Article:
BTW-I also changed the plugs, plug wires, valve cover gaskets, fuel filter, transmission filter and fluid, engine oil filter/fluid, and both front cv joints right after I got the car. The car runs too good to be what experience I've had with blown head gaskets, so help me. It appears to only run hotter than normal when the fluid gets a quart or more low. Most auto's I've experienced with, that's not the case unless they're way low on coolant.

Send me some experience, if you would. Thanks.

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Just do the search for headgaskets and read. You will find loads of posts. My 97 ran perfectly all through it's headgasket problem, other than the occasional, then more frequent, temp spikes. If you never let it get hot, you can replace them and have a fine car, but 99 chances out of 100, you have blown headgaskets. Most of us have done all the other stuff, radiator, thermostat (Subaru only), hoses, seals, you name it. You will read it over and over again, but everybody ends up at the same place. Sorry. The new Subaru gaskets don't blow a second time, or so I have been told.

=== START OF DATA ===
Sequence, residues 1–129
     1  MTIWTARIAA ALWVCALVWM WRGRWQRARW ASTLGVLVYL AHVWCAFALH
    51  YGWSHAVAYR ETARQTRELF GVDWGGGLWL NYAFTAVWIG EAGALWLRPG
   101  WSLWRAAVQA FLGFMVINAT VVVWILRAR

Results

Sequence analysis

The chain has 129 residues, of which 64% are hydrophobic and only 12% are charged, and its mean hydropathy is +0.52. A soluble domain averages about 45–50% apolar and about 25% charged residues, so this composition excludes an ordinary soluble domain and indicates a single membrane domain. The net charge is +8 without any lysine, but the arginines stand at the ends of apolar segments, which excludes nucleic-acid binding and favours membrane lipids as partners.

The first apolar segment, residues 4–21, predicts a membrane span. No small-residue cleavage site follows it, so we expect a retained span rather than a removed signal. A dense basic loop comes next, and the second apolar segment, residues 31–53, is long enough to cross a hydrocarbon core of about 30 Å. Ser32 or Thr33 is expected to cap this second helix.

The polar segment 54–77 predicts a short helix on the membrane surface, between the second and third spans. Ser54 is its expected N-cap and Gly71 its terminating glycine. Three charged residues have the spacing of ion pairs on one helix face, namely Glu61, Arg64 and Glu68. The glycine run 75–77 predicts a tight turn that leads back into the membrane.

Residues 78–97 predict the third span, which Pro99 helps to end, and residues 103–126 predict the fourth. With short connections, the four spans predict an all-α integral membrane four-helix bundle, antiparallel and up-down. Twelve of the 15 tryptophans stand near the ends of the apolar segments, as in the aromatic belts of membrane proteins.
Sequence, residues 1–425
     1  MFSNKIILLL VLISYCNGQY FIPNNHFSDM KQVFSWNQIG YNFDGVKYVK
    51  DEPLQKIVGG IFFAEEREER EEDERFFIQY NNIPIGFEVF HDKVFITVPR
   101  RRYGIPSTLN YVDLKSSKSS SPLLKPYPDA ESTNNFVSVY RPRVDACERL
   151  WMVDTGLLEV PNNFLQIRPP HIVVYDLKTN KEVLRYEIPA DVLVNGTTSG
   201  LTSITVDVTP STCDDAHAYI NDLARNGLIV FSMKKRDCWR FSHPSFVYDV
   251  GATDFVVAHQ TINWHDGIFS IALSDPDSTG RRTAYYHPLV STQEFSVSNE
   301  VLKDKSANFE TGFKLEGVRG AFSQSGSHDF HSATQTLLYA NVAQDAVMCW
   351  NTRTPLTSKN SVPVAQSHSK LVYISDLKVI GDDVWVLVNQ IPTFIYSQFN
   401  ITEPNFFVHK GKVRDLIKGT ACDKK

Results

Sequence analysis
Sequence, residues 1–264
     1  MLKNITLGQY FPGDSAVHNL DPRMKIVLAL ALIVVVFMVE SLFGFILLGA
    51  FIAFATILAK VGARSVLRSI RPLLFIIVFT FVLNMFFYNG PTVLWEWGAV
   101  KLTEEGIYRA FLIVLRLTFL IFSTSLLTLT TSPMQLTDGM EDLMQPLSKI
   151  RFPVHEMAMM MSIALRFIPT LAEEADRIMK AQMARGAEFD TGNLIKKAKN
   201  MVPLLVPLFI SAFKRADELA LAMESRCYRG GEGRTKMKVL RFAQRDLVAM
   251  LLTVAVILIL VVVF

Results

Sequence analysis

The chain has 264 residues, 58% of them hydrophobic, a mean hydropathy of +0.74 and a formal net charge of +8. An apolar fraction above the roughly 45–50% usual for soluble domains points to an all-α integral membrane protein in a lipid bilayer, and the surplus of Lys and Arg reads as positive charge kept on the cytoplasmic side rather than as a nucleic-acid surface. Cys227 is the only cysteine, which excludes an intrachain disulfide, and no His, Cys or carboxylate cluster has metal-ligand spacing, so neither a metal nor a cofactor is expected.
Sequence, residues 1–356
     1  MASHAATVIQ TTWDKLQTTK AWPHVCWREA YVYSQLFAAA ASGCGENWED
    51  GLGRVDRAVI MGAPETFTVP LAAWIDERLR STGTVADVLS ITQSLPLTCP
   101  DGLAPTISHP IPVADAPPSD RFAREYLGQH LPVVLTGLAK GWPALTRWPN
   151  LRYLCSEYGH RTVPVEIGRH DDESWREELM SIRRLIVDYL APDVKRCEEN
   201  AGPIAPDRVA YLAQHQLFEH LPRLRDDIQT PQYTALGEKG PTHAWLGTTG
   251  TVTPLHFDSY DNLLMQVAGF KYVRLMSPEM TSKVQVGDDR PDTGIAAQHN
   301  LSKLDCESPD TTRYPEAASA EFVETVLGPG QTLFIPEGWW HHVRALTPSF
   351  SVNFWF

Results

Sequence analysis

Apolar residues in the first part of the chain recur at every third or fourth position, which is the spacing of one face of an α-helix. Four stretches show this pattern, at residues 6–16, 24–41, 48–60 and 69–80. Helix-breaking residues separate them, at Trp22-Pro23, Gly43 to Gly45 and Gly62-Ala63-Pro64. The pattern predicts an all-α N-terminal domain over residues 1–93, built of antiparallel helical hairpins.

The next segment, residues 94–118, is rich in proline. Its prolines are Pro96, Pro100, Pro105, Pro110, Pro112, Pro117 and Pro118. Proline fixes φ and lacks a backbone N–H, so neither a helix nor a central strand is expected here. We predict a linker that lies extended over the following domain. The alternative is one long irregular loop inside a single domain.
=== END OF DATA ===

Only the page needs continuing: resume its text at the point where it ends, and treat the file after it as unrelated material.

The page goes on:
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I'm thinking at this point, probably a clogged radiator (everything else external is new). After reading the blogs here, I'm starting to wonder. Should I replace the radiator, cap, or both and try again? The radiator is locally $229 so I'd like some advice before spending that kind of money for nothing.

 

i'd spend that money on the head gaskets. after you get them fixed it won't overheat and you won't have to spend it at all.

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A rad won't fix your problem. However if the problem has been going on for sometime I always send it out to be flushed and pressure tested while I'm going the HG job.

 

Locally this costs me 25 bucks.

 

Last Forester rad I sent him he said was the dirtiest he'd ever seen. Yes - the Forester had HG issues and the kid kept driving it.